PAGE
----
My insurance career was based primarily in product development and compliance.  Although, I did well for the most part I grew weary of the minutiae of the job.  I did not see how my job was improving the lives of others.  People equate insurance with sales – selling life insurance or auto policies.  I think most people do not have a clear grasp of the breadth of what insurance entails.

Insurance companies are going to have to really find revolutionary new ways to attract the future generations. Perhaps InsurTech will be the way to go in the future to attract young people. There is so much competition out there that the industry needs to find a way to distinguish itself.  A much more active lead in ESG, climate change and social issues of the today and the future would be beneficial to the industry.  Today’s youth is not interested in company cars, corner offices and the traditional perks that dominated the working environment that we grew up in.  They want to embrace new ideas and new technology.  The insurance industry, in my opinion, is way behind the curve when compared to other financial and tech companies that are prospering.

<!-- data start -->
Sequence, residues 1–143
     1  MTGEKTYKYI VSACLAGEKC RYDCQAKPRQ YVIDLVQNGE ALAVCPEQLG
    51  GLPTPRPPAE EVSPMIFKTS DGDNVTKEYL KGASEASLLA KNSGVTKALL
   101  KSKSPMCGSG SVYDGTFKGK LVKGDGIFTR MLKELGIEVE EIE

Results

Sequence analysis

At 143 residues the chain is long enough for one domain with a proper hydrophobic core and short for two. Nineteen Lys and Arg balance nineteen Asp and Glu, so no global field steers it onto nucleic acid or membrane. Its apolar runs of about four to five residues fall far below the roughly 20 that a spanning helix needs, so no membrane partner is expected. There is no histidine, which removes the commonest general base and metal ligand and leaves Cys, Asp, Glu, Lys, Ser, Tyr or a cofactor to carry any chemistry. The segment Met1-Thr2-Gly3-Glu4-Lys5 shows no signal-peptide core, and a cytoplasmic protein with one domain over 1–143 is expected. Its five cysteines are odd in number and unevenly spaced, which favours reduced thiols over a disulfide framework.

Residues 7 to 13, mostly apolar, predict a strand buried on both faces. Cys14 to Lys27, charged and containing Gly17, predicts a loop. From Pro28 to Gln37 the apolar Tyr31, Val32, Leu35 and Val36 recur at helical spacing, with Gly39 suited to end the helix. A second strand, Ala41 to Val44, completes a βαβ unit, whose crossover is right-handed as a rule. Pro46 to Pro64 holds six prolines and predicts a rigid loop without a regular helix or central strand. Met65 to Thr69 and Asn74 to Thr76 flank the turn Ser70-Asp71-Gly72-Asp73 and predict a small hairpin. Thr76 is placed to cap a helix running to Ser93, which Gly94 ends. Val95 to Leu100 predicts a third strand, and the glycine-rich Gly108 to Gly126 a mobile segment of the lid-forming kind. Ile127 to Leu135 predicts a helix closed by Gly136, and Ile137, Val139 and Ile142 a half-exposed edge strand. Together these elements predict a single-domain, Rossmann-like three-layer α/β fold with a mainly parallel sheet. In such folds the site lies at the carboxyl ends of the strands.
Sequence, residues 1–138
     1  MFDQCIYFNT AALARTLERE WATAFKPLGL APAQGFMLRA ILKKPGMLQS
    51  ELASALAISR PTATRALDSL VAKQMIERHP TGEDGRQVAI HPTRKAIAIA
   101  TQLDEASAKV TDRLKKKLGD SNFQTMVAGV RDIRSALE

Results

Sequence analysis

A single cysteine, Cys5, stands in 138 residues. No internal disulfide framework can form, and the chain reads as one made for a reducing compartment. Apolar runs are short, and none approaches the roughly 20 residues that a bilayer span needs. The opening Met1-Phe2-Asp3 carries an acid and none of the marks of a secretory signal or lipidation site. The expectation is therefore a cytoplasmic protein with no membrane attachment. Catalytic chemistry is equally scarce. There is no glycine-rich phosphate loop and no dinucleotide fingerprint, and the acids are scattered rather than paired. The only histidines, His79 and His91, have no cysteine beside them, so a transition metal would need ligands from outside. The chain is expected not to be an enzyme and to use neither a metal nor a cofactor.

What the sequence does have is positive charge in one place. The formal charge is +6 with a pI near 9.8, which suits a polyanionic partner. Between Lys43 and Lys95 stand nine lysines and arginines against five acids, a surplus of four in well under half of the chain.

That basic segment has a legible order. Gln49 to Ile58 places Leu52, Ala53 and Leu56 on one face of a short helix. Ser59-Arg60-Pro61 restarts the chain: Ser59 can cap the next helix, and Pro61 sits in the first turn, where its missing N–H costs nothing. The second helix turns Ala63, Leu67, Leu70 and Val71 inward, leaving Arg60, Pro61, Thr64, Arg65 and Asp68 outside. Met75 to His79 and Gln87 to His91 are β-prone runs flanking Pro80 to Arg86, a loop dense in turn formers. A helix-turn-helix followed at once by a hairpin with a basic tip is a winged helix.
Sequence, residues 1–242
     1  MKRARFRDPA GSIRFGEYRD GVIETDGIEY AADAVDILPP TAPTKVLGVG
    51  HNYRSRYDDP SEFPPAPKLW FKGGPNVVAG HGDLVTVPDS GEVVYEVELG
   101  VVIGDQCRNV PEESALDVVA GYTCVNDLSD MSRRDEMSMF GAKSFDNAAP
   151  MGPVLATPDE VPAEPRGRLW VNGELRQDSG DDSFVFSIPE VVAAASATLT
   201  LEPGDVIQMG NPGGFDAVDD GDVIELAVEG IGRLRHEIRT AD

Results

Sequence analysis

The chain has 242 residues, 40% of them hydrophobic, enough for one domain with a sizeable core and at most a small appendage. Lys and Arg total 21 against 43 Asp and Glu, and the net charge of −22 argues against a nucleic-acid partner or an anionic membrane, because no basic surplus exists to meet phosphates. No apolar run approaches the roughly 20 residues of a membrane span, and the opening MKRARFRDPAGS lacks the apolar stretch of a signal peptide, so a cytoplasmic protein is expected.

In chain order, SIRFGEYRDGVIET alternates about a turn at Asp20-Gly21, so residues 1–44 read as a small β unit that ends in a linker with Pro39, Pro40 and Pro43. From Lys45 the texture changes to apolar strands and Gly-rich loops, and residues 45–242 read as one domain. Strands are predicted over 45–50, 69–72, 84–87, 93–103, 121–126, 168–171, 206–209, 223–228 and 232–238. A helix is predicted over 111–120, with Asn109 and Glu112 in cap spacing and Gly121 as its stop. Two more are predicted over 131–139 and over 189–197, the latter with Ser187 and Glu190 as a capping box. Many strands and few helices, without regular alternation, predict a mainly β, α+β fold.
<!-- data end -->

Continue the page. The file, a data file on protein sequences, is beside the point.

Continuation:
PG: When I started in the insurance industry – one of the things we used to be constantly indoctrinated with was that ‘insurance is a handmaiden of the industry‘! I abhorred the very thought and the idea. So, I have always wished that Insurance should chart its own destiny and should find a way to mainstream in the popular narrative.

My explorations with Diversity & Inclusivity (thanks as well to my Institute – Chartered Insurance Institute, UK) made it very clear that insurance in its totality is mightily diverse. However, it resists inclusivity. Perhaps that comes in the way of penetrating any marketplace beyond a certain level. That is a function of low trust as well. Last but not the least, it comes in the way of hiring the brightest minds! Imagine telling young people – come and join us – we will help you safeguard this planet’s environment and make it a great sustainable world for all of us. However, somehow, we do not seem to believe we have anything to do with the overall environment! It could be such an outstanding value proposition for prospective employees!